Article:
According to the 2013 Disability Management Employer Coalition and Spring Consulting Employer Leave Management Survey, 83% of employers surveyed are integrating Short-Term Disability programs with other employee leave programs. (up from 46% in 2011). Additionally, 77% of employers are integrating their LTD programs with other leave programs (up from 50% in 2011).
4) Mental health related disabilities continue to rise
According to CAMH, approximately one in five Canadians or 20% to 25% of a company's workforce may be dealing with mental health issues. Employers are challenged to face this reality head on given it is becoming the fastest growing disability type in Canada with an increasing number of cases reported for depression and anxiety. As per a Morneau Shepell survey, 66% of employees who took time off work didn't report it as a mental health issue. The associated cost to our economy from workplace losses represents more than $20 billion annually. (Mental Health Commission).
As employers continue to grapple with the pressures related to talent retention and disability accommodation in the workplace, there remain valuable ways to identify and implement areas for improvement. One of our specialities involves an evaluation of your current benefits program along with opportunities to better provide benefits information through training, mobile and in-person strategies. We invite you to contact us to learn more. We're here to help so that you can focus on what you do best.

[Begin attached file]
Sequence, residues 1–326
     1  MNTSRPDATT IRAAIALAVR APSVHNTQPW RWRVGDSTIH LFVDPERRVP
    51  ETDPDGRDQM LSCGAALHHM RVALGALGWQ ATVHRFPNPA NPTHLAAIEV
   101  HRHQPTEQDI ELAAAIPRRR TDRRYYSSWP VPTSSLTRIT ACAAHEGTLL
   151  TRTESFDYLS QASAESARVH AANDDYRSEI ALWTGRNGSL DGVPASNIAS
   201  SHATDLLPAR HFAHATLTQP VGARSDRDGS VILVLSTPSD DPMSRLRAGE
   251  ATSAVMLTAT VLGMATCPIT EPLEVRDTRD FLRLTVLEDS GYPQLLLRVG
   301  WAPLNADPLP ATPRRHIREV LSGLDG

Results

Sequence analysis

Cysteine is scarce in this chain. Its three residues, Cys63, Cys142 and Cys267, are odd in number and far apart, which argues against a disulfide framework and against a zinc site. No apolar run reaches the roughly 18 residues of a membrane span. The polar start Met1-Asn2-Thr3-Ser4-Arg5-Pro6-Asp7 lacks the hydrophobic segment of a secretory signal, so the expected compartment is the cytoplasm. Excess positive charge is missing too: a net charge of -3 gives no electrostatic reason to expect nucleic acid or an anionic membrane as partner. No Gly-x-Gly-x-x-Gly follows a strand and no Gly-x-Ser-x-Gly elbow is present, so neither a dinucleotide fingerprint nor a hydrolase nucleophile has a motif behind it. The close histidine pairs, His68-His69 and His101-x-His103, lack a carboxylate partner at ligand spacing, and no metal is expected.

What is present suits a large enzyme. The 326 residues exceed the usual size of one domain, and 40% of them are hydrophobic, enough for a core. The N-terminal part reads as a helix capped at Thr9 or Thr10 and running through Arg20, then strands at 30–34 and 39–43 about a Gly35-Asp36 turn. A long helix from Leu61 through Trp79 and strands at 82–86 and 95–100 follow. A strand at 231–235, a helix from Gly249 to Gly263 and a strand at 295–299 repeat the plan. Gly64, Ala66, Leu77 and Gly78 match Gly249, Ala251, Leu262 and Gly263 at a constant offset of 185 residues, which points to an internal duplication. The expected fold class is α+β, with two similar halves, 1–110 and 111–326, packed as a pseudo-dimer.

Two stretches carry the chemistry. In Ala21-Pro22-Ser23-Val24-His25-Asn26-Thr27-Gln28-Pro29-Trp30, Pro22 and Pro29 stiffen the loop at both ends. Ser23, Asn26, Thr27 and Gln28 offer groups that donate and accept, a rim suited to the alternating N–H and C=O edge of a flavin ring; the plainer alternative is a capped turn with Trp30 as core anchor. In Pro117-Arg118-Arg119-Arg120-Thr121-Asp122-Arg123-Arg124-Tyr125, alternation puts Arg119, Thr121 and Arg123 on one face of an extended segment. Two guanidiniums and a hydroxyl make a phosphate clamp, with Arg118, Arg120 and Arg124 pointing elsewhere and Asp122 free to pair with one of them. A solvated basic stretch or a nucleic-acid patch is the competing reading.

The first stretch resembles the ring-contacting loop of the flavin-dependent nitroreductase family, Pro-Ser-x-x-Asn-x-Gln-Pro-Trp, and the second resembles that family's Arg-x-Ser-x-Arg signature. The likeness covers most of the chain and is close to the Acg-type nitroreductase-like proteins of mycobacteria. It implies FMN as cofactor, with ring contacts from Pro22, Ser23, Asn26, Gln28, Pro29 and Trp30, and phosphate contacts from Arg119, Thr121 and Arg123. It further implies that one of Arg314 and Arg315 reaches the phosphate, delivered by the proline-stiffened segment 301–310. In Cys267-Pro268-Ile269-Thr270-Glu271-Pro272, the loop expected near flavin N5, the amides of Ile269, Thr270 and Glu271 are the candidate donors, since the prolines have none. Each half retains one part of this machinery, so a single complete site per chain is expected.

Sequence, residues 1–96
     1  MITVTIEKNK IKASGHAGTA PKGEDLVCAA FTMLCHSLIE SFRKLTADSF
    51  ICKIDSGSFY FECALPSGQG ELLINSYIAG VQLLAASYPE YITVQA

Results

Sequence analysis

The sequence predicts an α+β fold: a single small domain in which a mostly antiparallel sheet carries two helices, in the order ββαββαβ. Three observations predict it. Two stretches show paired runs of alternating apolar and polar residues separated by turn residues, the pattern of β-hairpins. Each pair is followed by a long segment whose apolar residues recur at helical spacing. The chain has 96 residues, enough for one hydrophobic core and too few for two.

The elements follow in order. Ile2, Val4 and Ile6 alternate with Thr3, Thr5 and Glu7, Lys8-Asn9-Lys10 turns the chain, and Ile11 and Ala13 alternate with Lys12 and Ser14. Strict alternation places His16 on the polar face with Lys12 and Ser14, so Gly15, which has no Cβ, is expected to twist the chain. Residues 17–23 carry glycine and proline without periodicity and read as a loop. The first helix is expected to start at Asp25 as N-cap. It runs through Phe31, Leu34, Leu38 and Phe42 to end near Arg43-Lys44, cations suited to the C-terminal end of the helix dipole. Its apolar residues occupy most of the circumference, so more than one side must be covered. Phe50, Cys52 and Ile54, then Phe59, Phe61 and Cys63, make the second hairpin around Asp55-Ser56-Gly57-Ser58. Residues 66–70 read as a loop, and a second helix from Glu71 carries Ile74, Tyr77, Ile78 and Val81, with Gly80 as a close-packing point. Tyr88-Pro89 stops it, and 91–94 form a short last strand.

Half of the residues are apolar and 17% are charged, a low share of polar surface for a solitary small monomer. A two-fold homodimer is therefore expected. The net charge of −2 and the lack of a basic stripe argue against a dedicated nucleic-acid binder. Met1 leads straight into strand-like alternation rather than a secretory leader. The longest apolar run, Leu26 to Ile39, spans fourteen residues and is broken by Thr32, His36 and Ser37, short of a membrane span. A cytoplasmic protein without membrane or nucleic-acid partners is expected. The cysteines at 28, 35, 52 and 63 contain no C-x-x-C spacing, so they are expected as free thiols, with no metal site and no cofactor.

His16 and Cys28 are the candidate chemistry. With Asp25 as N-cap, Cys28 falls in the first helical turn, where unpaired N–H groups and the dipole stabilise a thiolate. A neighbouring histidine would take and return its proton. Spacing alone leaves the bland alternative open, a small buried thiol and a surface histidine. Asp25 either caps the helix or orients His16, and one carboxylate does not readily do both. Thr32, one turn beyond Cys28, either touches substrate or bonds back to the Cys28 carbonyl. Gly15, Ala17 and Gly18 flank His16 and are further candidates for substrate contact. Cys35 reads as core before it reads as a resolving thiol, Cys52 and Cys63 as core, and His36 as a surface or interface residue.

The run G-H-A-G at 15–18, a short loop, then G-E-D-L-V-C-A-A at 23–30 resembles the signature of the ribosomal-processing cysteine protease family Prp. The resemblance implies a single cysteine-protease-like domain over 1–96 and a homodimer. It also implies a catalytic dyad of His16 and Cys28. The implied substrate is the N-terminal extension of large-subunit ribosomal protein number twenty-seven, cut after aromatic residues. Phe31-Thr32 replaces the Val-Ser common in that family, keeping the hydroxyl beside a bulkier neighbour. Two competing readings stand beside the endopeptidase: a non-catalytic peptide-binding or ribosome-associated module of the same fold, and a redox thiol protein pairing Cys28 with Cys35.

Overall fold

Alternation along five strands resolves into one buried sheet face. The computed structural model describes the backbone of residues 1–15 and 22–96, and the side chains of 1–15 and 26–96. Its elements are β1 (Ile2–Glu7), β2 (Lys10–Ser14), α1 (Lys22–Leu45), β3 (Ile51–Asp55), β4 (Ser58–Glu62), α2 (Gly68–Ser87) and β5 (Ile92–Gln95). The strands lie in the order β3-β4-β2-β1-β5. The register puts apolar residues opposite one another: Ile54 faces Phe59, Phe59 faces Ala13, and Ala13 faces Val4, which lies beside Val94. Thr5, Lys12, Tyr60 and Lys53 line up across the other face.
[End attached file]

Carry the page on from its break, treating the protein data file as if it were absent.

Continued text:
Plan sponsors face a new and growing dilemma. While they have addressed the challenges of mitigating the costs associated with prescription drugs for years, the influx of orphan drugs creates a new and complex situation.
Imagine a scenario where a 10 year employee learns that his 4 year old son has been diagnosed with a rare and life-threatening disease. The father, a hard-working, well-liked, loyal employee, seeks help from his employer to pay for the cost of a drug that can potentially save his son's life. The dilemma? The drug's price tag is more than $700,000 for a round of treatment. It isn't covered under the group benefits plan. What does the employer do?
Before we address the scenario further, let's take a step back and look more closely at the definition of orphan drugs, the developing demand for them, and why private payers are increasingly faced with making these kind of difficult decisions.
Orphan drugs defined.